Last week’s U.S. airstrike that killed Iran’s Major General Qassem Soleimani has lots of young people worrying: Am I about to get drafted?
Even though there hasn’t been a draft since 1973, the Selective Service System’s website has been crashing from so much traffic. Adding to the growing anxiety, fake text messages went out this week telling recipients they’d been drafted, forcing the U.S. Army to issue an emergency "fraud alert."
YR Media asked Public Affairs Specialist Diana Shannon from the U.S. Army's Central California Recruiting Battalion what people should know about a military draft.
What is a military draft?
“The draft is just basically telling someone they’ll serve [a certain number] of years, and your education [and] qualifications will determine what job you are doing [in the military],” Shannon said. In the past, the draft was used to fill roles in the armed forces when there were not enough volunteers.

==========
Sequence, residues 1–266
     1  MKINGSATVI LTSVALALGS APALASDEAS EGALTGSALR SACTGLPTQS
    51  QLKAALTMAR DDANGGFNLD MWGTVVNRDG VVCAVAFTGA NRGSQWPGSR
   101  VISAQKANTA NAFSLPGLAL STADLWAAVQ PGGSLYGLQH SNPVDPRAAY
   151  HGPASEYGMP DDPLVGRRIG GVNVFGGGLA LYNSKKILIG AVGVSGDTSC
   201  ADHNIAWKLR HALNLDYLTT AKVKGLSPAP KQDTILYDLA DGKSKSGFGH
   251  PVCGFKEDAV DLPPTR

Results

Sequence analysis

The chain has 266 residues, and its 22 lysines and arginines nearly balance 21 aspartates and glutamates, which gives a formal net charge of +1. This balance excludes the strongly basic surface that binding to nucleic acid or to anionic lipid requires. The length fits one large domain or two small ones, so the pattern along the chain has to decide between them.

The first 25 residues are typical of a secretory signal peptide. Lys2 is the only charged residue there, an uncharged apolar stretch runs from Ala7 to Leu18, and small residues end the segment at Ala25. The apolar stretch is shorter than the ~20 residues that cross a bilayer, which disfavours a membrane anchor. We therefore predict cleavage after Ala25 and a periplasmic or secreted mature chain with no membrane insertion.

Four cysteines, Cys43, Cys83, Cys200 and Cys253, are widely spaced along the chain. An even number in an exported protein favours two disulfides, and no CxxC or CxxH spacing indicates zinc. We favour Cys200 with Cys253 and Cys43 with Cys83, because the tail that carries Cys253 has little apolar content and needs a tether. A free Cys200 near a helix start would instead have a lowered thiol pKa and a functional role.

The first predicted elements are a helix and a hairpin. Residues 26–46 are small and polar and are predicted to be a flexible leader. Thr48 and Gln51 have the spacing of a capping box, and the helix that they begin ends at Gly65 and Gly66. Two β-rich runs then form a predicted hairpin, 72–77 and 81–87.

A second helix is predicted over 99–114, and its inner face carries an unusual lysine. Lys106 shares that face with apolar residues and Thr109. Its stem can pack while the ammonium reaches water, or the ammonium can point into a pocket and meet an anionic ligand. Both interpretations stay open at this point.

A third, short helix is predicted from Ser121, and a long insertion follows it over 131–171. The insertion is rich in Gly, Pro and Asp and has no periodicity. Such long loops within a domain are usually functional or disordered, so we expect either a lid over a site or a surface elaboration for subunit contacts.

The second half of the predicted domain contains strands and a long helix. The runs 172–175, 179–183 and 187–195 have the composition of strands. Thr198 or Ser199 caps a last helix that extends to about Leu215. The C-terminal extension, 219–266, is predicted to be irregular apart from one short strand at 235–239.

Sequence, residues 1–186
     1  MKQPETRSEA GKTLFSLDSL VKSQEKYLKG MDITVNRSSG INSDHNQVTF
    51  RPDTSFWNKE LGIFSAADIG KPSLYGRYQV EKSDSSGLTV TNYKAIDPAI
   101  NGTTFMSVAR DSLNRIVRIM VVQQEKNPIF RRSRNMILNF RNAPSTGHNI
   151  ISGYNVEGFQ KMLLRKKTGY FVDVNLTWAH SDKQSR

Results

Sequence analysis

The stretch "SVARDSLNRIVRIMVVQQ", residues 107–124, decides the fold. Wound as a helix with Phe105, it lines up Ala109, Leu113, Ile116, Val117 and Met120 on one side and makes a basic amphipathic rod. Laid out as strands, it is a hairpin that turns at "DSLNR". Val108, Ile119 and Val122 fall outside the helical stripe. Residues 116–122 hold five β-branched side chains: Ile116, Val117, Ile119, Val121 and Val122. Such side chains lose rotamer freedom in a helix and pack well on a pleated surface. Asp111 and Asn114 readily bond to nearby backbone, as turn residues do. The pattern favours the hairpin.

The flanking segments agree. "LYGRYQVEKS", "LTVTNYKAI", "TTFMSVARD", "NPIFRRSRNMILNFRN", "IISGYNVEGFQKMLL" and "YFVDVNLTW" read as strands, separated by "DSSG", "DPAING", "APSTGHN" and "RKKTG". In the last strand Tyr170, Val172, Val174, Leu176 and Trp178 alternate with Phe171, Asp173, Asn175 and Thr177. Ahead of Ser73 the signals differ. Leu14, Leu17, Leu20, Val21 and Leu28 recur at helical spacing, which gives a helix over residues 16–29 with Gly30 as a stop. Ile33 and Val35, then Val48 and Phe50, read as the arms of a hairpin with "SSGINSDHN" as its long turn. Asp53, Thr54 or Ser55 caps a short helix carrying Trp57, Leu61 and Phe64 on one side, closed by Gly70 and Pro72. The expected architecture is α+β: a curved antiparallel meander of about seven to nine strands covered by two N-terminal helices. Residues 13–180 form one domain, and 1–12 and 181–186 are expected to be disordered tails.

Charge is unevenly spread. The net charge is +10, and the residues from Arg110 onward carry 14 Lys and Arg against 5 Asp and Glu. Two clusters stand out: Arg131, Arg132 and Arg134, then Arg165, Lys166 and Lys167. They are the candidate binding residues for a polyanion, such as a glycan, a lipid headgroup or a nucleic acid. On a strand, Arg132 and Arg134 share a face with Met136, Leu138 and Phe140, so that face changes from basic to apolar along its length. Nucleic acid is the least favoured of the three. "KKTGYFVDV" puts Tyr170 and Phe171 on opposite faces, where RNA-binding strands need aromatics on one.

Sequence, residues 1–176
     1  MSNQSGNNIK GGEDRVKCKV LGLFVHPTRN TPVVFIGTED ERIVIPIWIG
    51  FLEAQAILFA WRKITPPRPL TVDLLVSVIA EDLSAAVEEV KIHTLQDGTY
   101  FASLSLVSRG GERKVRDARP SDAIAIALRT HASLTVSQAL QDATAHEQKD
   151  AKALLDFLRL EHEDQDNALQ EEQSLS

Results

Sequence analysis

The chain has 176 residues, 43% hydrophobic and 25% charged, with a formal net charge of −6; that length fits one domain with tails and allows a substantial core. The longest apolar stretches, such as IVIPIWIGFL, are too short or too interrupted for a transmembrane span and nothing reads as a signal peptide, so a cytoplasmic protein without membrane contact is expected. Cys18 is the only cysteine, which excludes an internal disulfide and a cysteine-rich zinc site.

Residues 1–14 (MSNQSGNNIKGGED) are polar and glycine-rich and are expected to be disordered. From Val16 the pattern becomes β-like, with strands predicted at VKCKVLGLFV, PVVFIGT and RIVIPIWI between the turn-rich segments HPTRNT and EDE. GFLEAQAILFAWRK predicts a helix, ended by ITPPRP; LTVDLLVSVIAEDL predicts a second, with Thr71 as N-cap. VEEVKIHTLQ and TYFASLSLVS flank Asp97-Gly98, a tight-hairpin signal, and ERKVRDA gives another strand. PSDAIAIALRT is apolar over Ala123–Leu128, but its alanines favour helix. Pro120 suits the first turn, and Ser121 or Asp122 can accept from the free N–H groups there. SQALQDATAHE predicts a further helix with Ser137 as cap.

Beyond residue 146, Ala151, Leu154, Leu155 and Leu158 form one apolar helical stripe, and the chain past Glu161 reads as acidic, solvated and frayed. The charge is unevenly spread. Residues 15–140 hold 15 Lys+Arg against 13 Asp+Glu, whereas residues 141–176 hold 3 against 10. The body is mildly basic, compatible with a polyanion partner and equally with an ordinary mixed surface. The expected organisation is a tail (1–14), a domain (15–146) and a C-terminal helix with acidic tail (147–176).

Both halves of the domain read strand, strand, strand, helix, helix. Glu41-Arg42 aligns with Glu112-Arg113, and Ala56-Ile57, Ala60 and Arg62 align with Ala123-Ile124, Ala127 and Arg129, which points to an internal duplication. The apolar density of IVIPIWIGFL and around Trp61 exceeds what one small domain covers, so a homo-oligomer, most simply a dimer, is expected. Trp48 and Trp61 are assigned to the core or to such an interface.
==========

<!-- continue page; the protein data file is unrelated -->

For a draft to take place, Shannon said Congress would need to first pass legislation to reinstate it, and then the President would have to sign off on it. None of that has happened.
What does it mean to sign up with Selective Service?
While there is currently no draft in place, most men aged 18 to 25 in the U.S. are required to register with Selective Service. This includes men who are immigrants, refugees and undocumented. There are a few exemptions, such as being incarcerated.
Once a man turns 26, he is no longer eligible to be drafted. The draft age would only change if Congress passed legislation to do so.
If a draft were to go into effect today, the Selective Service would place everybody on its list into a lottery. Shannon said mandatory registration ensures all required men are in their system. Defying the mandate has consequences, such as ineligibility for federal student aid or federal jobs. Those who fail to sign up can also face fines or jail time.
Could there be a draft soon?
Shannon's simple answer is no. There has been no serious public discussion about bringing it back since the last draft ended during the Vietnam War and switched to an all-volunteer army, according to Shannon. “We do well enough as a recruiting command that we haven't had to do a draft,” she said. “During the Vietnam War, they enacted a draft because they needed more men to fight. Nowadays, young men and women join the army voluntarily.”